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But commuters who did brave their daily trip were finding something unusual: an abundance of seats on trains and buses, a sign that many workers heeded warnings to avoid going to the office.

Sunday’s protest march was one of the city’s largest in years, with thousands of people airing grievances about war, climate change, economic inequality and a wide range of other complaints. But the diversity of opinions also sowed doubts about whether there were too many messages to be effective.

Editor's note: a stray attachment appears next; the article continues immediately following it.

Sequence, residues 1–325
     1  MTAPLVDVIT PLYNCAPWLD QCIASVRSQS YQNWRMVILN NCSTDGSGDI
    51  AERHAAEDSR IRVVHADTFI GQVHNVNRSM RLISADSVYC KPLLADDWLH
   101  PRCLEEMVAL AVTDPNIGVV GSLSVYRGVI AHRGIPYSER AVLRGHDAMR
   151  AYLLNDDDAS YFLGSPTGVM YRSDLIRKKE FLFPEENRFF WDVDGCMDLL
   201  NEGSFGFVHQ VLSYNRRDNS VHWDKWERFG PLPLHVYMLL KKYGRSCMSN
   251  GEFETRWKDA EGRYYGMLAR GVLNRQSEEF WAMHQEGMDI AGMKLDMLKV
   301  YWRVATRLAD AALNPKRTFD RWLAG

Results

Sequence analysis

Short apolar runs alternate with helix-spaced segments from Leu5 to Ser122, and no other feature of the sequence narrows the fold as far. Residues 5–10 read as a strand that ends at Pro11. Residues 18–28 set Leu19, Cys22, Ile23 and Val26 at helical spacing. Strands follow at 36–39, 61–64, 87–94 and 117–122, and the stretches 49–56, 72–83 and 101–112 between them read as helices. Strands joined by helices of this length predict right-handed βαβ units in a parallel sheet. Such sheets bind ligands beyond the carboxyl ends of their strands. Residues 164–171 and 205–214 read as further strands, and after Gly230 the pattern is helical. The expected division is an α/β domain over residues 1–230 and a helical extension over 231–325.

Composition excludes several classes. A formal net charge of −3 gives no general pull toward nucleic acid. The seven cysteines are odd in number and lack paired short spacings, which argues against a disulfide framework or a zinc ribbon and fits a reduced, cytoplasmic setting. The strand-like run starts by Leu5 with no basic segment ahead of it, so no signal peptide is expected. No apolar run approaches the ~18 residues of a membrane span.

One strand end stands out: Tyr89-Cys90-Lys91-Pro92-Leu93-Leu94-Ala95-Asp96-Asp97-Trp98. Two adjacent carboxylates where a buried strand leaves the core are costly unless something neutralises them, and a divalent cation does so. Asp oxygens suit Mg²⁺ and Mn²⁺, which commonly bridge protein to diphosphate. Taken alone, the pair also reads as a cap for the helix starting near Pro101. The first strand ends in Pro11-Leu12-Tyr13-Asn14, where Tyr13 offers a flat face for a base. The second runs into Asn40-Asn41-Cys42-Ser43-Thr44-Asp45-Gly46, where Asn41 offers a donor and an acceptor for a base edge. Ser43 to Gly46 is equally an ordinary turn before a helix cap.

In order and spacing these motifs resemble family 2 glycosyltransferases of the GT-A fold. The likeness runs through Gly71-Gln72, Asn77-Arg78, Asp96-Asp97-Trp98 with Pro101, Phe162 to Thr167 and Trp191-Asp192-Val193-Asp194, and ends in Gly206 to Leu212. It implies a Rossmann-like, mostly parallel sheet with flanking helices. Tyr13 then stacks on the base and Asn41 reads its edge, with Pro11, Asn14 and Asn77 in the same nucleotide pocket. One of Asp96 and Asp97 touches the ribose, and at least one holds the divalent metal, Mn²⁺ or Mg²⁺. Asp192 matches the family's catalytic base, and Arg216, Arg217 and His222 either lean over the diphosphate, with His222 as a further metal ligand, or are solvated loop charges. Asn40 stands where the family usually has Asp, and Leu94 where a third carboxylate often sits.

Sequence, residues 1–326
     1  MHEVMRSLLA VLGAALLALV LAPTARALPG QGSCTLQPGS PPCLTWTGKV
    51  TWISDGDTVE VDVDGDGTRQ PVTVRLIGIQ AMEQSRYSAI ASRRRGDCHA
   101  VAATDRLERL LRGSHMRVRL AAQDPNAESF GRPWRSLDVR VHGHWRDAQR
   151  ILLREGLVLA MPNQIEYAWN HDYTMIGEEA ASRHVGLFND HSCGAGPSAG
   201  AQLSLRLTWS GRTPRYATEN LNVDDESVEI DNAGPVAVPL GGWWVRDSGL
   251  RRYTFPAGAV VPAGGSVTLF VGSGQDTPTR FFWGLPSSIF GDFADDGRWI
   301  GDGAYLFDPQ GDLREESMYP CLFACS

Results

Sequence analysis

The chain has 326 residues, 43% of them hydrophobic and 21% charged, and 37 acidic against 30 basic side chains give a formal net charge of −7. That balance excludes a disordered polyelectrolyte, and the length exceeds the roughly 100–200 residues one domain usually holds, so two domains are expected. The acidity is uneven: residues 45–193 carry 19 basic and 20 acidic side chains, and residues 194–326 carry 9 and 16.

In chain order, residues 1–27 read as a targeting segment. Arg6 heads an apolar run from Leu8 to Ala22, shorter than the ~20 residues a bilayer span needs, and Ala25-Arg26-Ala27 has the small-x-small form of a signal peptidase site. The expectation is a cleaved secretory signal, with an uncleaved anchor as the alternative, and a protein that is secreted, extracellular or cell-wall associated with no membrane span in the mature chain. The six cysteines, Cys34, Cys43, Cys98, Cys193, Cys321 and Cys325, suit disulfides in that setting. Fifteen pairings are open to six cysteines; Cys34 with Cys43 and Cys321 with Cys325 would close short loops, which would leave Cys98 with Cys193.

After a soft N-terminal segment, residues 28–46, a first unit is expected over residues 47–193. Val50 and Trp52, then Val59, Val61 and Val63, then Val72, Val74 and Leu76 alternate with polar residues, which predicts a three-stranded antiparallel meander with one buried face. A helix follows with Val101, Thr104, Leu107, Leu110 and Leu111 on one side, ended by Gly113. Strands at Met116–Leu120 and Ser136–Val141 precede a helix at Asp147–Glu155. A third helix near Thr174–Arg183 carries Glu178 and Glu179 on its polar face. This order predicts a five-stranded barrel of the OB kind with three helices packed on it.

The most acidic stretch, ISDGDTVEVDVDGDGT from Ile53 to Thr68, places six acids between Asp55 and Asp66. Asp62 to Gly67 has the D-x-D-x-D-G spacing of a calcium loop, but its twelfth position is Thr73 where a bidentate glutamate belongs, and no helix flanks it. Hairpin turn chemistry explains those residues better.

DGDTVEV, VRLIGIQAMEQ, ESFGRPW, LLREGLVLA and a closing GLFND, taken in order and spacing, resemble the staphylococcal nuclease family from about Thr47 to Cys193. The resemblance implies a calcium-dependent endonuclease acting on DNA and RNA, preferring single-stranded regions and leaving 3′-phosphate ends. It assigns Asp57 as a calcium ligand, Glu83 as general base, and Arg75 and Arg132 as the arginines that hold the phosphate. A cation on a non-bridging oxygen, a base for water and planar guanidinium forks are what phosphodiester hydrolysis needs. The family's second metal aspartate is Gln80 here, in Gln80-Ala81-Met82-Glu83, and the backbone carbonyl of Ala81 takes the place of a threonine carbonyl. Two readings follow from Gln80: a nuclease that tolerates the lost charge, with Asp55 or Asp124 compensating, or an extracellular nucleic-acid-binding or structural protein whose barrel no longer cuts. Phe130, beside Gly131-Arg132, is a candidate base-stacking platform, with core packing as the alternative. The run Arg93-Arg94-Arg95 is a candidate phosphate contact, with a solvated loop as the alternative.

Some of the most lasting images of that march were likely to be from a clash at the end, when a small group of demonstrators tried to push beyond a line of police blocking access to the site where world leaders were discussing the war in Afghanistan, European missile defense and other security issues.

Some protesters hurled sticks and bottles at police. Officers responded by swinging their batons. The two sides were locked in a standoff for two hours.

Forty-five protesters were arrested and four officers were hurt, including one who was stabbed in the leg, police said.

Associated Press writers Don Babwin, Ryan J. Foley, Carla K. Johnson, Robert Ray, Jim Suhr, Nomaan Merchant and Michael Tarm contributed to this report.